I understand that there is no central authority on Bitcoin, but I can't understand who takes decisions on "forking" the blockchain.

Here it was mentioned that the "Bitcoin community voted"—how did that happen? Who is the community? I assume anyone? If so, how can one vote?

I was reading about a hard-fork coming on 16th of November and I don't really understand how that works.

  • That answer you're quoting is actually pretty horrendous and full of factual errors and confusing irrelevant details. No voting was involved, only signalling readiness. – Jannes Nov 5 '17 at 22:33
  • @Jannes But tho, it's accepted answer and quite upvoted. Shouldn't it be flagged/moderated in this case? – Ionică Bizău Nov 6 '17 at 12:08

No-one decides literally for everyone. Miners make the decision to exploit one proposal rather than another one, so whenever miners disagree and don't follow one protocol to around 100% then a fork happens.

In this case (of B2X) it is the proposal of Segwit2x that will or will not be followed.

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    Miners make only one decision: whether to maximize profit by mining the most profitable chain or to lose money and eventually go out of business. Bcash clearly shows this in action: because of their buggy difficulty adjustments, there are short periods of time when it's a little more profitable. Otherwise it's a complete waste of electricity and even the loudest proponents of Bcash (Roger Ver) do not mine it. – Jannes Nov 5 '17 at 15:07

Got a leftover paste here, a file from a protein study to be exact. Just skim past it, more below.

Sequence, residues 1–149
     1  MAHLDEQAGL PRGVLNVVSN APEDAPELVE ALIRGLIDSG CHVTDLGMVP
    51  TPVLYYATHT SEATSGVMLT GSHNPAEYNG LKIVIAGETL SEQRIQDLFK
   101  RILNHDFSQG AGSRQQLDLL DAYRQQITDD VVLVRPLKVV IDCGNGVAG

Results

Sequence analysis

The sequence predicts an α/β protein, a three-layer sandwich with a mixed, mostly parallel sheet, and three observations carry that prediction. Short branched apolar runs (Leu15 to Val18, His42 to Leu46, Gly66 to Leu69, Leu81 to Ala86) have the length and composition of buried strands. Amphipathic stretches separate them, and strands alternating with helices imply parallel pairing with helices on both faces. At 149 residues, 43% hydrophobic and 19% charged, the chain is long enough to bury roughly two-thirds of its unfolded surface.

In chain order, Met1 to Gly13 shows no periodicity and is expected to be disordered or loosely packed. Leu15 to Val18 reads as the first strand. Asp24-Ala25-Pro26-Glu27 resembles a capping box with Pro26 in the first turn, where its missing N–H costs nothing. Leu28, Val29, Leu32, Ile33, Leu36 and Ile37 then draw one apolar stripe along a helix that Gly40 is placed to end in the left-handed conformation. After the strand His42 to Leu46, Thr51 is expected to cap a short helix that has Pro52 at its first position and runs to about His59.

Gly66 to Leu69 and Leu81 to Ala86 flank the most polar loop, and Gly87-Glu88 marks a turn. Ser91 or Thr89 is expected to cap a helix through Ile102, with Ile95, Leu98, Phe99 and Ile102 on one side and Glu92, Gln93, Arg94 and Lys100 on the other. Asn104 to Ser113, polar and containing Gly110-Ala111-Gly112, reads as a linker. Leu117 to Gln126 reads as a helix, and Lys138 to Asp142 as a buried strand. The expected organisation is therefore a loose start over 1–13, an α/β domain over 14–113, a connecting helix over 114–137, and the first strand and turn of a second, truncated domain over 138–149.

• @Jannes well indeed it is supposed that miners maximise profit. But sometimes ideological factors can influence their behavior as seen by the proponent of the flippening. In the end rationality should be making the decision. – Hollossy Nov 5 '17 at 15:47
  • @Hollossy It's still unclear to me: how does somebody propose something? What is Segwit2x? – Ionică Bizău Nov 6 '17 at 12:08

A group of Bitcoin companies or exchangers like coinbase , ZebPay, Coinsecure, Unocoin and many more decides to deploy a hard fork to double Bitcoin’s block weight limit to eight megabytes this November. Known as “SegWit2x,” this incompatible protocol change follows from the New York Agreement (NYA) and is embedded in the BTC1 software client. Although, if an organisation who is part of Bitcoin network doesn’t want to accept the forked currency they can continue with legacy one(i.e., Bitcoin).

Yes, you read that right, exchangers or anyone can make a decision to upgrade the protocol and make his own network. But it’s success depends on the cause, the benefit of the upgrade and adoption by the crowd.

But if you want to upgrade, say BTC, you have to talk to the Bitcoin Core Team. But if you don’t want to do that, or want to make the upgrade even if the core team don’t agree, then hard forks happen, and new network forms (Example Bitcoin Cash, Bitcoin Gold, Segwit2x and so on)

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  • I am downvoting this as it does not really answer the question – Andrew Chow Nov 6 '17 at 6:01

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